"Like most construction managers, we're frequently hired before the architect is to work on the cost and scheduling. And we try to spot the problems while the plans are still drawn in pencil--not ink. We're working for the owner, of course, and so we don't flatly tell him, for instance, that the architect's plan isn't going to work. We simply tell him what it's going to cost him, and how long it's going to take, as the idea has been presented to him.
Already in Trouble
"We've got our own architects, estimators, schedulers and superintendents who all work together, and there is no general contractor on our projects. We take his place. And, ideally, of course, the Project Assurance people would be called in at the same time we are as construction managers, but I have the feeling that they're normally called in when the project is clearly in trouble."
It's a distinction that Hill International's Richter admits. "It's true that we should come into the picture right in the beginning, but it's difficult. It's a little bit like asking a young couple in love to sit down and draw up a prenuptial agreement. Even though they know perfectly well that the divorce rate is about 50/50, and that a prenuptial agreement makes sense, there's a reluctance to do it, and we've got the same problem with Project Assurance. We're normally called in when somebody in authority gets the gut feeling that things aren't going right."
In a fairly typical case about three years ago, Richter added, "we submitted a proposal on an extremely sophisticated and complex sewage treatment plant in Niagara Falls. It went to somebody else and the project got hopelessly into trouble, to the point where the federal government had moved in, taken them to court, and was threatening to appoint a federal administrator. We couldn't make up for all the lost time, but we did get it significantly back on schedule and got the government to drop the suit."
Walking on Eggs
Coming in, after the fact, to clean up other people's messes can have its sticky moments, Hill International's president admitted (and incidentally, there is no one named Hill in the firm--("I was going to locate the company in Cherry Hill, N.J.," Richter explained, "but decided it sounded a little funny so I just dropped the 'Cherry').
"We're frequently called in by the lender involved and there, in particular, you do some walking on eggs. You're dealing with people who have different interests and you can't expect them to embrace you. They're going to resent anybody who's going to come in and point fingers. Sometimes you have to tell the owner, himself: 'You've got to stop making changes, you're destroying the momentum of the job.'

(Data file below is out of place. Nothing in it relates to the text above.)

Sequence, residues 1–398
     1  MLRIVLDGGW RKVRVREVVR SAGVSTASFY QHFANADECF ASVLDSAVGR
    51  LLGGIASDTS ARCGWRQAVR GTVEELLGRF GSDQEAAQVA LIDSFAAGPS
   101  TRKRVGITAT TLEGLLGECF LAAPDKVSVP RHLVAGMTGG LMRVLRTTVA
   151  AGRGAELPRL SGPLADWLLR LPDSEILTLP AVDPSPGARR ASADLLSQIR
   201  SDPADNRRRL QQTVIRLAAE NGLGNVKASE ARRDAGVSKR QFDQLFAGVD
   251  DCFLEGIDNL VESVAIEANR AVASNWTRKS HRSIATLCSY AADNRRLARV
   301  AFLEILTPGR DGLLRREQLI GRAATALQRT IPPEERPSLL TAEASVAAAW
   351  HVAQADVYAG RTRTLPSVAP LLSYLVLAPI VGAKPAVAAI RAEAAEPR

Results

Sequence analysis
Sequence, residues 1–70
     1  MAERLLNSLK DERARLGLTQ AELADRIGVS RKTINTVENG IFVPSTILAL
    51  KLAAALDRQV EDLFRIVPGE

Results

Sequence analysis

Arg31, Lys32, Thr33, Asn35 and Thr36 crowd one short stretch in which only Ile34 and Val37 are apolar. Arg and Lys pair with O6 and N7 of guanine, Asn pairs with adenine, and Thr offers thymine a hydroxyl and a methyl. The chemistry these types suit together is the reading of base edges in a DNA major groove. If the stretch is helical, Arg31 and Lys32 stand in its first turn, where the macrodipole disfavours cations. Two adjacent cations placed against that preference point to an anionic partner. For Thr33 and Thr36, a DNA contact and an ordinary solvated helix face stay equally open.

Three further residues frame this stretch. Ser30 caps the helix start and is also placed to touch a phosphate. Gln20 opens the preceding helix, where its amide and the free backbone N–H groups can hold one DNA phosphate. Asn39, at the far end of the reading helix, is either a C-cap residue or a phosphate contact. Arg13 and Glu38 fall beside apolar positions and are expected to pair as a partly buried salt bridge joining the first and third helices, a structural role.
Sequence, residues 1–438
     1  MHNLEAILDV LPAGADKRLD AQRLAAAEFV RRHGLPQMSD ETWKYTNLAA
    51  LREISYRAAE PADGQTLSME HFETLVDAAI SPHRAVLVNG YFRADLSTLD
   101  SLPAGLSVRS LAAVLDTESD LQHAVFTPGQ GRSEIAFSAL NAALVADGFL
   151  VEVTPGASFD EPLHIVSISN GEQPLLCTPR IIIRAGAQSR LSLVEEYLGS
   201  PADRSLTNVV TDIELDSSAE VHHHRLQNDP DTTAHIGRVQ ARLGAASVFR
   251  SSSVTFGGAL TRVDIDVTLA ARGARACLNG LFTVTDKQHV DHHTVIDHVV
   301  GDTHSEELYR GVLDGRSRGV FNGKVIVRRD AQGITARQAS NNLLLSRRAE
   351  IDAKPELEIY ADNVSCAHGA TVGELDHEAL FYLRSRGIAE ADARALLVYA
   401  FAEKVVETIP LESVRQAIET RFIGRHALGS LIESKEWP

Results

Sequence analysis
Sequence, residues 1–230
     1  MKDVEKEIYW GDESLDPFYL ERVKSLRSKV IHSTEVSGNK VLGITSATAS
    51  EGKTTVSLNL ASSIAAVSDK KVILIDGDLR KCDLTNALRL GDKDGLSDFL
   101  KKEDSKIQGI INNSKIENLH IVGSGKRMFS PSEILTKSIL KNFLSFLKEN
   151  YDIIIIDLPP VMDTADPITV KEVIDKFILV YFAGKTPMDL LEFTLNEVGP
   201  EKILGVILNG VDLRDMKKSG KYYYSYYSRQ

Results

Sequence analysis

"And, frequently, too, the construction management company can be held at least partially responsible. If there are time and cost overruns, well, the construction manager had a part in those decisions or lack of decisions that led to them."
Cost overruns have become so prevalent in federal projects, "and historically so in mass transit (city) projects--in Washington, Miami and Detroit (a real disaster)--that the government now requires an 'oversight' operation, like Project Assurance, from the very first day," Richter said.
Once Project Assurance has been called in, the complexity of the job is the determinant of how much staff will be required. "We might have one person, full time, on the site, for as long as a year or two and he will then call in special teams for a week or two at a time--a structural-steel expert, a curtain-wall expert for a few days, or what have you. In Sacramento, where we're serving as consultants on the $175-million mass-transit job, it may require five people, full time, until the job is done."
In spite of Richter's contention that there is no real "point of no return" on an on-going project that has gone sour ("there's always something you can do to cut losses. Bad projects don't get better, they just get worse"), Hill International still does a brisk business, too, in its old specialty: sweeping up the pieces, or going in after the botched project is completed to resolve the claims.
"Right now," he said, "we're working on about 10 cases around the world, involving about $100 million in lawsuits or disputes--not as mediators, but as an expert witness to determine what really went wrong."
And, in the wake of the recent, whopping, $750-million settlement involving claims against Brown & Root's construction of the South Texas Nuclear Project at Austin--the largest cash legal settlement in U .S. history--"I think you're going to see more and more lawsuits by utilities against constructors." Already a classic among cost-overrun horror stories, the South Texas Nuclear Project, Brown & Root's first venture into nuclear construction, came on-line at five times above the original estimate.
"What kind of information," Richter asked, rhetorically, "do you think they were giving their client as to who was responsible for cost-overruns of these dimensions?"